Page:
Is this 1000hp 2JZ-swapped Isuzu D-Max the world's coolest workhorse?
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Earlier this year we saw an LS-swapped Ford Ranger drift ute out of Australia break the internet, and we thought that drift utes couldn't get any better.
Built on a Ranger platform with an engine taken from a crashed SS Commodore, there was no expense spared on the build, and it represented everything that we love about modern Aussie muscle.
While it may not be as tough as the big Aussie Ranger, this Isuzu D-Max has its own charm, a charm that's usually reserved for top-spec Formula D cars — the (almost) 1000hp 2JZ charm.
If you are looking at this single cab D-Max with some confusion, you'd be right in thinking that's something is off. This particular build is based on a Nissan A31 Cefiro chassis, a Nissan sedan that's popular with drifters all over Australasia, especially New Zealand.
To fit the D-Max's body on the Cefiro's chassis, quite a lot of fabrication would've been required. The A31 has a total wheelbase length of 2.6 metres, while the single cab D-Max sits at just under 3.1 metres. By the looks of the ute, the front end has remained the same, but the tray has received a bit of a chop.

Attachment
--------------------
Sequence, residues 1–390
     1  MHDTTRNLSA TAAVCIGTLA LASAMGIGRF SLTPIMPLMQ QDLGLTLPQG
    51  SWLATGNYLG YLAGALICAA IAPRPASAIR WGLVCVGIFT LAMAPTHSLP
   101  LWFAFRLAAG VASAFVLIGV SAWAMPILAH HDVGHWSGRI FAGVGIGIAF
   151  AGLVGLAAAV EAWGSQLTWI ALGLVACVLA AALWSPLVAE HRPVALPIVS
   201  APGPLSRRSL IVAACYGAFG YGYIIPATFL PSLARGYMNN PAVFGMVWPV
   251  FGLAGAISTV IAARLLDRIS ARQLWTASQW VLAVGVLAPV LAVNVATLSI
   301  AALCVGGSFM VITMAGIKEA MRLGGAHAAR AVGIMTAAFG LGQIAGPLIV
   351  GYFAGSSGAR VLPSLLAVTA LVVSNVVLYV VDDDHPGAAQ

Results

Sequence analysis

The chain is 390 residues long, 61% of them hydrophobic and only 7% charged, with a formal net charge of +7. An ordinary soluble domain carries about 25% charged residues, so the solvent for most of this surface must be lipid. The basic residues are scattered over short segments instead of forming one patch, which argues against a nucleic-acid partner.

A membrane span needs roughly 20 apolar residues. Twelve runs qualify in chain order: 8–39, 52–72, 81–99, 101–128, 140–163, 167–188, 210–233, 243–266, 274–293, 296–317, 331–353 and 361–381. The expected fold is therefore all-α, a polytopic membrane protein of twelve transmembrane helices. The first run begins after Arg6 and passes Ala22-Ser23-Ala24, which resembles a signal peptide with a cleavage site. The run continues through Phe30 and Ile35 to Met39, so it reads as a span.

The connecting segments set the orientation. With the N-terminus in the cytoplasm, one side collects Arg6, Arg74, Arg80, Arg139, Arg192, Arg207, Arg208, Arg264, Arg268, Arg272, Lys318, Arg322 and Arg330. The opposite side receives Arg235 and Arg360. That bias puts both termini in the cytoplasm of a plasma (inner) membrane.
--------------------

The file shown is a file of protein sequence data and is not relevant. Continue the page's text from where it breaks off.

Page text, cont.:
Looking at the bodywork, almost every panel has been replaced to accommodate the widened front and rear fenders and a shark fin reminiscent of BMW's sits on top of the cab.
A quick dive into the technical details of the build reveals that the Toyota-derived 2JZ sitting under the hood has been stroked out to 3.4-litres and has a massive BorgWarner turbo sitting alongside it. This set up produces a healthy 708kW which is sent to the rear wheels through a 5-speed dog box and a Skyline rear end.
In terms of suspension and handling, this D-Max/Cefiro cross is running the bog standard drifting set up with a Wisefab kit up front, and coilovers at all four corners.
This D-Max has been competing in the national Thailand drifting competition since it was completed in 2016, and has been a highlight vehicle on the circuit.
Just yesterday, Allnew Drift made a post on their Facebook page regarding the ute, saying that they are planning to retire the chassis, and that the team is going to move on to their next project.
While it is a very open-ended post, after building this D-Max/Cefiro beast, we can imagine that something even better is on the way.
Take a look at a video of the ute shredding here: